Delayed aversion is a coping mechanism used when a patient with ADHD or anxiety lacks the patience to tolerate a boring situation. It occurs during activities that do not provide immediate gratification, such as learning a new skill.
While ordinary people interpret fidgeting as a lack of attention, ADHD patients fidget when they struggle to pay attention. Fidgeting occurs when the activity at hand does not provide enough stimulation to their brains to keep them focused.
ADHD and anxiety patients, for example, fidget to help them concentrate in classroom lessons where they cannot avoid the activity. To satisfy the urge, ADHD patients may converse with friends or play games.
ADHD and anxiety can cause patients to doubt themselves, making them less motivated to pursue social activities.
ADHD and anxiety in children can make them struggle with social skills such as sharing, listening, taking turns, and interpreting or using social cues. Victims become easily bored and distracted during conversations. They may also struggle with emotional management.
Patients with ADHD and anxiety disorders tend to become distracted or dominate conversations, which can appear rude or disinterested to peers. They miss critical developmental activities and are less confident in their abilities because their peers avoid them.
Victims of ADHD and anxiety are, therefore, argumentative and irritable. They are also more likely to lie about unfinished tasks or withdraw from people.
Lastly, they may also develop a negative attitude toward social interactions or avoid them entirely.
Medication For ADHD Anxiety
ADHD treatment options include medication, therapy, or a combination of treatments. Various lifestyle changes can also help to manage the conditions.
ADHD medication options include non-stimulants like atomoxetine (Strattera) or stimulants like amphetamines and methylphenidate.
Stimulants are the first line of treatment for ADHD because they work quickly and effectively. They may, however, worsen anxiety symptoms. However, stimulants can still be used effectively in anxious ADHD patients.
In cases where ADHD is the underlying cause of anxiety, treating ADHD alone can treat both conditions. Anxiety, however, often results as a side effect of stimulant medication and may need to be managed separately.
In cases where the two develop independently, ADHD and anxiety medication combination may be a better option. A doctor could also treat one at a time.
Depending on the individual symptoms, adult ADHD and anxiety medication may include antidepressants and blood pressure medications.
Patients with ADHD and anxiety can benefit from behavioral, educational, and psychological coaching.
Therapy is a planned approach to treating specific ADHD and anxiety symptoms that vary from patient to patient. For example, behavior therapy can assist ADHD patients in coexisting positively with others.
A professional can identify and recommend the best treatment for poor attention and impulsivity Cognitive Behavior Therapy, a psycho-social treatment model that aims to reduce anxiety symptoms, is frequently used to treat comorbid anxiety.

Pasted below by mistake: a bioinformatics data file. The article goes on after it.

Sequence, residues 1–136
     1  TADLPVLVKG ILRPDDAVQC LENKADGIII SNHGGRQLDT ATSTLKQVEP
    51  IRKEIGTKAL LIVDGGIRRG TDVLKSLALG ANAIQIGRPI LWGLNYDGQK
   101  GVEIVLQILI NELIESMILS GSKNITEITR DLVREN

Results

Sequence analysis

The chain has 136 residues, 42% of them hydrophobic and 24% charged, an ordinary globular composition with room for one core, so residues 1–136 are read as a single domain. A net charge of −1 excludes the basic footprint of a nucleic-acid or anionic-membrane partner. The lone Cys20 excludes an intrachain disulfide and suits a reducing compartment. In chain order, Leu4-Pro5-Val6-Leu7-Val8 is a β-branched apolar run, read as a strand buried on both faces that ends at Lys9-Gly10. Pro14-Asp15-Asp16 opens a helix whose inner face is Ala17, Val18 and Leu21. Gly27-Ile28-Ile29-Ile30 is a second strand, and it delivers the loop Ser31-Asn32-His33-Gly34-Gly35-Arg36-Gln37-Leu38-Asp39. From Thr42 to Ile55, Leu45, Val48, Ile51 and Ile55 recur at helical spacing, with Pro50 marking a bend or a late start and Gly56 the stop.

Lifestyle changes can help with ADHD and anxiety in the following ways:
- Sleeping and waking up at the same time each day ensures adequate sleep, which improves mood.
- Meditation and focus practice can help organize thoughts and reduce panic.
- Routine exercise causes the release of brain chemicals like dopamine that improve mood.
- Scheduling tasks with reasonable deadlines for completion can facilitate the completion of duties with minimal stress.
- Eating well and getting enough water are supportive ways to deal with anxiety.
- Avoiding stimulants such as caffeine and alcohol is also recommended for improved sleep and anxiety reduction.
Other Comorbidities With ADHD
Comorbid conditions can arise as a result of coping with ADHD symptoms or as a result of other environmental factors. For example, repeated disapproval or criticism of people with ADHD may lead to depression.
Some of the most common ADHD comorbidities are:
- Generalized anxiety disorder.
- Obsessive-compulsive disorder.
- Oppositional defiant disorder.
- Tic disorders.
- Language disabilities.
- Learning disabilities.
- Fine and gross motor difficulties.
- Executive function difficulties.
Attention-deficit hyperactivity disorder is a neurodevelopmental disorder frequently diagnosed in childhood and persists into adulthood. It causes poor attention, hyperactivity, and impulsiveness.
However, many of the same ADHD symptoms can also surface with anxiety. These include distractibility, restlessness, insomnia, fidgeting, and difficulty socializing.
Because of their similar symptoms, ADHD and social anxiety can exacerbate each other. Although therapy and lifestyle changes can help with specific symptoms, medication is the only sure cure for ADHD.
A standard treatment can be costly, limiting your options if you are on a tight budget. However, whether dealing with ADHD and anxiety in women, men, or children, or closely related conditions like post-traumatic stress disorder, you can easily access online resources to determine the best holistic plan for your needs.